Medical tourism can do harmBMJ 2000; 320 doi: https://doi.org/10.1136/bmj.320.7240.1017 (Published 08 April 2000) Cite this as: BMJ 2000;320:1017
- Rachel A Bishop, codirectors,
- James A Litch, physicians
- Kunde Hospital, Solukhumbu District, Nepal
We are expatriate doctors living at 3900 metres in the Mount Everest region of Nepal and running a health care system serving a population of 10 000. The area is remote, mountainous, and roadless, with the villages scattered along high valleys. Over the past 32 years a health system of one hospital and eight health clinics has been established so that most residents are within an hour's walk of a health clinic or hospital.
The area is popular with tourists. Last year 19 000 visitors came into the Sagarmartha National Park where Mount Everest, the hospital, and five of the eight health clinics are located. Inevitably, there are many doctors and other healthcare professionals amongthem.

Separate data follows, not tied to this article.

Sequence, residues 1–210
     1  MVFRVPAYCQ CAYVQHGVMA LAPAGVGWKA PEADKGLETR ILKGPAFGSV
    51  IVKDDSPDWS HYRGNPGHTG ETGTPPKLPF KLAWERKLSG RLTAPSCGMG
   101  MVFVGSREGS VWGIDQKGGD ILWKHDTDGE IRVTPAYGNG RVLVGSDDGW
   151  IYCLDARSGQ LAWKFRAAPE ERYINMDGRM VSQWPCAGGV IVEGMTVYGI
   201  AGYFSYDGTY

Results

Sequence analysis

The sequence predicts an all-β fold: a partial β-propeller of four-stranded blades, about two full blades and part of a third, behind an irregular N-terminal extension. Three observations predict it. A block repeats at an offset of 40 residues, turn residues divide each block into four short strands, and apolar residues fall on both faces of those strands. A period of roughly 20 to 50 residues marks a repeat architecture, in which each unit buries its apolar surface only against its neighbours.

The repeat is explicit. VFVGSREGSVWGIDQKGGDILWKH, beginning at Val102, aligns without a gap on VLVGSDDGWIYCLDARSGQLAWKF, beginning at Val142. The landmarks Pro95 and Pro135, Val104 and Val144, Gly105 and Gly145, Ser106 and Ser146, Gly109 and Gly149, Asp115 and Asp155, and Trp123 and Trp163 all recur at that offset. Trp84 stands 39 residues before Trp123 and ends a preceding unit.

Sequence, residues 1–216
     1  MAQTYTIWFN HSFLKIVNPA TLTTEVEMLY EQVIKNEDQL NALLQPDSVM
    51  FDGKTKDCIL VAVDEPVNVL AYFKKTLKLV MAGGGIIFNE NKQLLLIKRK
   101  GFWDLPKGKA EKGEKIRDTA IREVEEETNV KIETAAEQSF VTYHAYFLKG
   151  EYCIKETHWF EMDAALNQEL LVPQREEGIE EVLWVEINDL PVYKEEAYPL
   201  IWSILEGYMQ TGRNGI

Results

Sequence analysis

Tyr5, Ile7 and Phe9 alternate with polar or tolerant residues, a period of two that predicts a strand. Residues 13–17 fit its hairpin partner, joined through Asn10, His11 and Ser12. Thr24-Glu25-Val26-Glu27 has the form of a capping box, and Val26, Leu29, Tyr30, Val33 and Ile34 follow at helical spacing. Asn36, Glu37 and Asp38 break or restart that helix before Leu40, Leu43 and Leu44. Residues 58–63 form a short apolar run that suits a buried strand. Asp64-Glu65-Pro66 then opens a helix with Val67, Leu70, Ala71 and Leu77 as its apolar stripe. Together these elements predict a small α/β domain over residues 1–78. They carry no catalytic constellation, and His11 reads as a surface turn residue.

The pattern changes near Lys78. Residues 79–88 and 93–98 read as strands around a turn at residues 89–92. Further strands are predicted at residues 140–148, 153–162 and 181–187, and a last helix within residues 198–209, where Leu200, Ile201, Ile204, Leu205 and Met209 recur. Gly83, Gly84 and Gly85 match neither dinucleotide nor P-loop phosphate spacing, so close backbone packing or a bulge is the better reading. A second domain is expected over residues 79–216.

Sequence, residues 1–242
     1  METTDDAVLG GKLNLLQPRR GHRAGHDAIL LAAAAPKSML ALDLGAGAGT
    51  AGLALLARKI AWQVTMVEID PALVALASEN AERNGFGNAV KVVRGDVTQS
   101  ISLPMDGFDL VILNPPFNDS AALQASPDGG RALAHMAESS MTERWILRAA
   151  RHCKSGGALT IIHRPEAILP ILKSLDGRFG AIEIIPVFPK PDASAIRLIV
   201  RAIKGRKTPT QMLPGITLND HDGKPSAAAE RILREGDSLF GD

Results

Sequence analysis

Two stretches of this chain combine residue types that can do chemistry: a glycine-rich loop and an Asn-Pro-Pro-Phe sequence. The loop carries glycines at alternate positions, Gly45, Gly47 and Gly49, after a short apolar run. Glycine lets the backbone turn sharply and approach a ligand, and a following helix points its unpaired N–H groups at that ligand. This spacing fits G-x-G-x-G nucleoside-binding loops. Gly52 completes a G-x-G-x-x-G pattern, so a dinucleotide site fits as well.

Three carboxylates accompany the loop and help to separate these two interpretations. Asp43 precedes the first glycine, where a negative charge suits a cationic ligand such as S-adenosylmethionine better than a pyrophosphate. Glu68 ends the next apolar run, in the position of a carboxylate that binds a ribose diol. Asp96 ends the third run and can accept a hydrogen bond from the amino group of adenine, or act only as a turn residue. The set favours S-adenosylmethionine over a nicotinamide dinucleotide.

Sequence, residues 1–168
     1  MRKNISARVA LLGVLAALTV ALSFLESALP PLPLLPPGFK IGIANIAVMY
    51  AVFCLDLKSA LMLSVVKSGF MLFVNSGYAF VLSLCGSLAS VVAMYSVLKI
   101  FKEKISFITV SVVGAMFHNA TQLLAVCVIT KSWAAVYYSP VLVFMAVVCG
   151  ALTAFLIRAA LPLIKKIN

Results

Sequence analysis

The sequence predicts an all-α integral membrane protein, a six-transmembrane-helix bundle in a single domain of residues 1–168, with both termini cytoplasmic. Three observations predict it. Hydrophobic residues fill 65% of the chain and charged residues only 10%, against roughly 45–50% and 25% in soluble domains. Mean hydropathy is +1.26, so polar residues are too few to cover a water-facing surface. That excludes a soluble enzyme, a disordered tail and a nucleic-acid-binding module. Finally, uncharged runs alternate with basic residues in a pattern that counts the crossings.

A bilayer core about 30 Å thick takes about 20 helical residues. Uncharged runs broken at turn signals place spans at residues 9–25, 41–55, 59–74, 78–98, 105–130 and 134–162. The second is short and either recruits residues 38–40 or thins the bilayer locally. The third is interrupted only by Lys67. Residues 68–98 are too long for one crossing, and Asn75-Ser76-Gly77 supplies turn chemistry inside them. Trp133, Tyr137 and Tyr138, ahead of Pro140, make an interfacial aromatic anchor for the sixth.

Can you realistically treat chronic disease after a single consultation?
Although the presence of the hospital is well publicised, many doctors touring the area hold ad hoc clinics along the trail. They often conduct these clinics just …
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